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sub- +‎ group.



IPA(key): /ˈsʌbˌɡɹuːp/



subgroup (plural subgroups)

  1. A group within a larger group; a group whose members are some, but not all, of the members of a larger group.
    • 1998, Robert A. Johnson, Prevalence of Substance Use Among Racial and Ethnic Subgroups in the United States, 1991-1993, Department of Health and Human Services, page B-11,
      Based on U.S. Bureau of the Census (1992c), other metropolitan areas that might be suitable for oversampling specific racial/ethnic subgroups include Miami (18% Cuban), New York City (7% Puerto Rican), Los Angeles (26% Mexican), and Honolulu (23% Japanese). Three techniques might be used to increase the yield of rare subgroup members within metropolitan areas where they are concentrated: 1) oversampling of areal segments containing high percentages of the subgroup, [] .
  2. (group theory) A subset H of a group G that is itself a group and has the same binary operation as G.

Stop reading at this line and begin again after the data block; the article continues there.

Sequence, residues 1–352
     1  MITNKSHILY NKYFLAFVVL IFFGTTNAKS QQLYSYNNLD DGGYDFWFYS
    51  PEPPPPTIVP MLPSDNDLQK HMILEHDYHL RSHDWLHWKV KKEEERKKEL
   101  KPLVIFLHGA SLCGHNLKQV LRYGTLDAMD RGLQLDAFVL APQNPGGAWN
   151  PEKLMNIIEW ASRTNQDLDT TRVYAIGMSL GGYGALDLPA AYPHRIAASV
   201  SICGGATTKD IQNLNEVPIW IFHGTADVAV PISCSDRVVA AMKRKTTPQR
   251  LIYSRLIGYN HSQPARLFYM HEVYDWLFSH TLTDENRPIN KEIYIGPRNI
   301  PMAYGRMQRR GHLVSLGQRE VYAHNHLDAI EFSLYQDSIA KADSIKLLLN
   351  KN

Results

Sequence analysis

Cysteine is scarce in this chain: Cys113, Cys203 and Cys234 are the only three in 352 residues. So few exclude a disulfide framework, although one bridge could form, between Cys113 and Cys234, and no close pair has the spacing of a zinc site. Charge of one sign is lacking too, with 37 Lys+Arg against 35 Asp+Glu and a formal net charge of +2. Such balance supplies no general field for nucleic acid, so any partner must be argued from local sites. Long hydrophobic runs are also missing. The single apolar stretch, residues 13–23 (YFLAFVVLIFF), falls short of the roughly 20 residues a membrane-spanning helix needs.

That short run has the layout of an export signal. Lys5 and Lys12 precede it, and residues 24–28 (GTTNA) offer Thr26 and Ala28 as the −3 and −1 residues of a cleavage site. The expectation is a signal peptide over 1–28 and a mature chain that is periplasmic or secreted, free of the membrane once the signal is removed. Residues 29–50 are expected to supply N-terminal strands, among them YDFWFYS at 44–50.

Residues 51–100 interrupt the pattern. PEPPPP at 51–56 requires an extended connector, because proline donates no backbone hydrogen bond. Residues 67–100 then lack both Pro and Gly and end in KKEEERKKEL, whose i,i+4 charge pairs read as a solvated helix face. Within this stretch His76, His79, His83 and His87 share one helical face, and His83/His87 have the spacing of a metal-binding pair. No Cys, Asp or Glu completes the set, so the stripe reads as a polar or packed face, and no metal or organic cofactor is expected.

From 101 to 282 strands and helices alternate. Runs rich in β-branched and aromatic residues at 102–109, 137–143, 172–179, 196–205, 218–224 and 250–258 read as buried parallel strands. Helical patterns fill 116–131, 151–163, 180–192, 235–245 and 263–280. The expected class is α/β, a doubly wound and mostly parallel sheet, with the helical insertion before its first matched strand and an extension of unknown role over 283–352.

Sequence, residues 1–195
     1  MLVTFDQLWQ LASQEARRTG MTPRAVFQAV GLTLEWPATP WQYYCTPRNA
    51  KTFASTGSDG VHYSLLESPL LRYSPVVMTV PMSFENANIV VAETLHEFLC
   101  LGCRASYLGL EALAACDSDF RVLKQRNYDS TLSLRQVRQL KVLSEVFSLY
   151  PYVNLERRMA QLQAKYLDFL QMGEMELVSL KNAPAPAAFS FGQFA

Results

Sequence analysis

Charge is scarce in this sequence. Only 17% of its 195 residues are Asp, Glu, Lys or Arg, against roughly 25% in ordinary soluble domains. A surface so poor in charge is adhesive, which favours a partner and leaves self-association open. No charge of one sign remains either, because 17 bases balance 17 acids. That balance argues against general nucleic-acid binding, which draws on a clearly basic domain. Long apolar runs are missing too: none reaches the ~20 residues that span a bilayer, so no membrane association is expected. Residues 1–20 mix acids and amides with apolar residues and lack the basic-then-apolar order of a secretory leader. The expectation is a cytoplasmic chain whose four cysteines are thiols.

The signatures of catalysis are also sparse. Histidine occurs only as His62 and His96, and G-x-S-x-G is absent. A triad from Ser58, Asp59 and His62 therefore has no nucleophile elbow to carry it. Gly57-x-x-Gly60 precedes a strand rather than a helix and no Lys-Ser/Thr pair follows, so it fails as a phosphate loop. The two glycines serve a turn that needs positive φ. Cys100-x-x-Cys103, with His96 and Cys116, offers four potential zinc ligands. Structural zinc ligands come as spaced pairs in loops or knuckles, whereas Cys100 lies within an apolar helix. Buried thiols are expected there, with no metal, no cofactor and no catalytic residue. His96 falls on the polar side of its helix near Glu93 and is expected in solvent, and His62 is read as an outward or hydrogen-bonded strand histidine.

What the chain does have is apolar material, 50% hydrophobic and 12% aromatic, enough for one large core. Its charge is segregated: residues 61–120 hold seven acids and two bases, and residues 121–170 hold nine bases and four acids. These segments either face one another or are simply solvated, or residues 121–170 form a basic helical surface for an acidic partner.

• 1990, Peter B. Kleidman, Martin W. Liebeck, The Subgroup Structure of the Finite Classical Groups, Cambridge University Press, page 1:
      Much of the information about a group can be gleaned from a study of its subgroups. For these reasons it is important to study the subgroup structure of the almost simple groups, and in particular their maximal subgroups.
    • 1991, Gregori A. Margulis, Discrete Subgroups of Semisimple Lie Groups, Springer-Verlag, page 13:
      A subgroup H of an algebraic group G is called algebraic if H is an algebraic subvariety of G. Algebraic subgroups defined over k (as algebraic subvarieties) are called k-subgroups. An algebraic subgroup of an algebraic group is called k-closed or closed over k (resp. k-defined or defined over k) if it is k-closed (resp. k-defined) as an algebraic subvariety.
    • 2012, Yorck Sommerhäuser, Yongchang Zhu, Hopf Algebras and Congruence Subgroups, American Mathematical Society, page 3:
      This is applied in Chapter 9 to prove the first congruence subgroup theorem, which asserts that g.z = z for all z in the center of the Drinfel'd double D(H) and all g in the principal congruence subgroup.


  • (group within a group): subset

Derived terms






subgroup (third-person singular simple present subgroups, present participle subgrouping, simple past and past participle subgrouped)

  1. To divide or classify into subgroups